The 20,000-acre Red Buttes Wilderness is a showcase of what the Siskiyou Crest was like before Euro-American management. Giant fir, pine and cedar trees tower over layers of untouched forest filled with plant species that found refuge in these mountains while the rest of Oregon was ebbing and flowing with ice. Even the most amateur naturalist can easily observe the dependency and tension between life in this robust ecosystem.
This 6-mile, easy to moderate, round-trip hike is a wild alternative to nearby and overused destinations such as Squaw and Applegate lakes. Continuous access to water makes it a great option for people eager to get their feet wet in overnight backpacking, and it's reachable most of the year, too.
Download the 7.5-minute Kangaroo Mountain Quadrangle map from the Map Locator at http://store.usgs.gov. At the Star Ranger Station on Upper Applegate Road near Ruch, set your tripometer and continue southwest. At 12.1 miles, turn left and continue on Upper Applegate Road. Shortly after entering California, make a hairpin right on Forest Service Road 1050, which quickly merges into FSR 1040. At 13.8 miles on the tripometer, turn left on FSR 1035 and quickly pass over a bridge. The road ascends steeply; at 18.4 miles there is a corral and parking lot. The Shoofly trailhead is well marked on the road's south side.
The Shoofly Trail (No. 954) enters rich forest and switches back gracefully. It also enters the federally designated wilderness area, so be sure to observe all regulations. Within 10 minutes, notice how large the pine trees on this slope grow.
At .75 miles, you'll see a junction with trail No. 957. Head northwest, or right, where there are immediate views of and paths to the Butte Fork Applegate River. While the popular, lower regions of the Applegate River are largely developed and controlled, this fork is remote, clear, cold and wild.
At 1.25 miles, there are campsites on a bank high above the river. There are also sandy beaches and swimming holes for hikers eager to explore the water. Camping here would be a great option for new backpackers. Set up camp and keep heading upstream and slightly uphill on trail No. 957.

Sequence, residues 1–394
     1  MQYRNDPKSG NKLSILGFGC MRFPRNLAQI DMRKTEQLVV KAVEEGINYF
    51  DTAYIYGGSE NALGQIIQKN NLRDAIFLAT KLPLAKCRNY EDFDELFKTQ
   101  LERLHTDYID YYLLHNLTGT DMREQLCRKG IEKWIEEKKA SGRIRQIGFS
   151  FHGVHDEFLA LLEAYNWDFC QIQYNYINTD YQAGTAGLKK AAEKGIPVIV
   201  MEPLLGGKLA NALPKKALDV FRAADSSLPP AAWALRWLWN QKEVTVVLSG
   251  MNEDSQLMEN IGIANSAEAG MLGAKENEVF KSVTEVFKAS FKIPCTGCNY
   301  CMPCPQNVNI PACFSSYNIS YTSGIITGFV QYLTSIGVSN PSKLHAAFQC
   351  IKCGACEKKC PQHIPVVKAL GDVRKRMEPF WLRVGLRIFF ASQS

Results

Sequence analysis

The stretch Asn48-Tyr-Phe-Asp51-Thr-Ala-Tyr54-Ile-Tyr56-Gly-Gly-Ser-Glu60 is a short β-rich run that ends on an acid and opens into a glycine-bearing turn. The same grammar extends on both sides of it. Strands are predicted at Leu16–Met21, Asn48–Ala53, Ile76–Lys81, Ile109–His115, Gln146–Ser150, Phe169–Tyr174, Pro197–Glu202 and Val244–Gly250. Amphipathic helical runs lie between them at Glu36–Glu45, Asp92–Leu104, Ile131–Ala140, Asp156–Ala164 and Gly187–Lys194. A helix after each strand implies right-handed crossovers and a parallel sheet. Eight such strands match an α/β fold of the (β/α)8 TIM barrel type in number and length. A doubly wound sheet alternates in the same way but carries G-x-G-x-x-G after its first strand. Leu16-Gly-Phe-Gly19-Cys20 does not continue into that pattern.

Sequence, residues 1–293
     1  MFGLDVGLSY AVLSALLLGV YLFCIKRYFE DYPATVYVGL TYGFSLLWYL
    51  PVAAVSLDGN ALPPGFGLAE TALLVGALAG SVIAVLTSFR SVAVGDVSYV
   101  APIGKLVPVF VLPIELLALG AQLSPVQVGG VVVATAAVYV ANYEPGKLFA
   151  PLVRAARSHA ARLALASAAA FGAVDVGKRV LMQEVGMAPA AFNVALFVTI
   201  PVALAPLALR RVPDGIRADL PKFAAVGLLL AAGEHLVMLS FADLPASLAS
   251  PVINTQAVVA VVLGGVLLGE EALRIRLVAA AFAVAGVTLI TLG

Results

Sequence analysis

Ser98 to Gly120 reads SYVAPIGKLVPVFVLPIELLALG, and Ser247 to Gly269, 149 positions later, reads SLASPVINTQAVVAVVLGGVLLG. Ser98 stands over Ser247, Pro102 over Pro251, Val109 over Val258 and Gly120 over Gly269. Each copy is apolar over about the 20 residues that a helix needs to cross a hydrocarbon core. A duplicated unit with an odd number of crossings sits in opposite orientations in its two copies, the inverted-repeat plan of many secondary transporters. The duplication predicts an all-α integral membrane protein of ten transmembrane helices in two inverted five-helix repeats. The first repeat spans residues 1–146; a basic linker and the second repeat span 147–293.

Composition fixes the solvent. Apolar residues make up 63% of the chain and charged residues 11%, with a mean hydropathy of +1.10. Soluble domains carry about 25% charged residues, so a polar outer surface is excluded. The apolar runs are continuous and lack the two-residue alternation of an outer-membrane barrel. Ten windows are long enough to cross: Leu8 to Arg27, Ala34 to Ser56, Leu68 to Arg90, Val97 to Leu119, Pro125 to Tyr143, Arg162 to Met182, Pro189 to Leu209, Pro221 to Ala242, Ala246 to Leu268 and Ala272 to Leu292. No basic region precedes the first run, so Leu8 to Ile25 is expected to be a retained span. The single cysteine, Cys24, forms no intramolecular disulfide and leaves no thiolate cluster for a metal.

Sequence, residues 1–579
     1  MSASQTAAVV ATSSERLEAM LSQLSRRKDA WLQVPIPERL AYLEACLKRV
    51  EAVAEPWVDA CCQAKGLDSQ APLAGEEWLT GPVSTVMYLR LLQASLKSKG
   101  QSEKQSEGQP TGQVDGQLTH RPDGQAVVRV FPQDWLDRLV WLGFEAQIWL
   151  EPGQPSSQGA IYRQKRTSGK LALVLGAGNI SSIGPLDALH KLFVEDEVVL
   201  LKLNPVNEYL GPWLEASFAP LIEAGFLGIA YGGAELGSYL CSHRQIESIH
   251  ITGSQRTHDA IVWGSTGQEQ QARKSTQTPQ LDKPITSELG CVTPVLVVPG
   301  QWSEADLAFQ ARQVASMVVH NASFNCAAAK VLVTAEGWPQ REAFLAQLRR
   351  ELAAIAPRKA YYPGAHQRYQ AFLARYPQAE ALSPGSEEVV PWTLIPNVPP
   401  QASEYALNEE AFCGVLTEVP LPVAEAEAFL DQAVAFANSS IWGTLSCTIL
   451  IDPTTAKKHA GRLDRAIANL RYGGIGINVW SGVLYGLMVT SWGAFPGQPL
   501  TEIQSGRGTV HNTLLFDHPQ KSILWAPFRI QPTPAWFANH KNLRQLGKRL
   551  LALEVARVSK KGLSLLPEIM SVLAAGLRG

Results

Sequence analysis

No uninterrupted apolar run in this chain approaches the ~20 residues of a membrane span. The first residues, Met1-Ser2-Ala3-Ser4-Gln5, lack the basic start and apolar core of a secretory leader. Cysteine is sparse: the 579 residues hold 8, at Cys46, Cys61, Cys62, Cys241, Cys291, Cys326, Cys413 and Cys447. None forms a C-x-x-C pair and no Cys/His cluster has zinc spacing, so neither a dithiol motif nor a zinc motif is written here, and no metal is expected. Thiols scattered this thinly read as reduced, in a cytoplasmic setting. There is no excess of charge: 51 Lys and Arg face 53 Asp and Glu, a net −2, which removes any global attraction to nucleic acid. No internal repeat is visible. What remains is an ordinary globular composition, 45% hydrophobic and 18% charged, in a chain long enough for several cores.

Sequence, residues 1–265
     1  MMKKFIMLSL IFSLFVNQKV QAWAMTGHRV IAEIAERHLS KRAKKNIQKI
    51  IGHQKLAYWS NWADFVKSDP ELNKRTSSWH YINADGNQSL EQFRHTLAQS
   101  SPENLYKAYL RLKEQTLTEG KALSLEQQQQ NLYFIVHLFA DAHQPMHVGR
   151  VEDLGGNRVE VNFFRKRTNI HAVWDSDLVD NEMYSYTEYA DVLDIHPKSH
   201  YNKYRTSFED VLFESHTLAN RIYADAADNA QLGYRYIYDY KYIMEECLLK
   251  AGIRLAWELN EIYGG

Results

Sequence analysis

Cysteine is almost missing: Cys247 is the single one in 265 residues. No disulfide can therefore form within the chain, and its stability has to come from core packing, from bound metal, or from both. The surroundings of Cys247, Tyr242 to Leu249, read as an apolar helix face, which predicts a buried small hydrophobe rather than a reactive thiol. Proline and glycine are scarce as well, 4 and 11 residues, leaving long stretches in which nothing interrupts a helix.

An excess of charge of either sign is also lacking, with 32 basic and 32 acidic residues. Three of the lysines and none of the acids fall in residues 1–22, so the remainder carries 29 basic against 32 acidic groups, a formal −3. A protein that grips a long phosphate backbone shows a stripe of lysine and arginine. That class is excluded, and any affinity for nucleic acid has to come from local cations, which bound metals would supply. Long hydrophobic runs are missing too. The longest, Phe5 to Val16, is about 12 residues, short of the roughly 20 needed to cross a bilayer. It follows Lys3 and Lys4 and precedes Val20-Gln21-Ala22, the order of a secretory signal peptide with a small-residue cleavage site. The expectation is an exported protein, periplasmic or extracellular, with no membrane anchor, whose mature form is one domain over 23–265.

At 1.6 miles you'll hit Avalanche Gulch. In the wetter months this could be a knee-high reason to turn around; in late summer, it's a dry hop-scotch. Around here the prevalence of large-diameter, pre-European conifer trees increases. The speciation and diversity also increases.
At about 2 miles is an unnamed stream crossing which could be challenging depending on the season. Keep going.
Between 2.2 and 2.8 miles, under what must be some of the largest pine trees in the world, are populations of the rare snow plant (Sarcodes sanguinea). This plant is unique in that it doesn't use chlorophyll. Instead, it derives nutrition from fungi associated with pine and fir trees. They can be seen in early spring months barely protruding from the ground, sometimes through light snow, before blooming into a knobby and symmetrical bright-red stalk.
At 2.8 miles, after passing more stands of gargantuan pines, you'll see a shed built by the Forest Service in the 1920s for trail tools. It is obvious that a lot of care and planning went into the building and ongoing maintenance of this main artery through the Red Buttes Wilderness. Maintenance past this point is dim to non-existent, though the trail is passable all the way to Azalea Lake by experienced hikers.
The relationships in this forest are dramatic and complex. On my return from this hike, as I walk by the fungus-loving snow plants and the giant pines that somehow support it all, I always feel like I'm reading a story. And the broken tree tops and fallen snags, saplings and spring flowers, all help set the scene. Given this ecosystem's adaptation to changing climate and preference for disturbance, this hike may be more of a soap opera than a story.
Freelance writer Gabe Howe lives in Ashland. He is founder and chair of the Siskiyou Mountain Club. Contact him at firstname.lastname@example.org.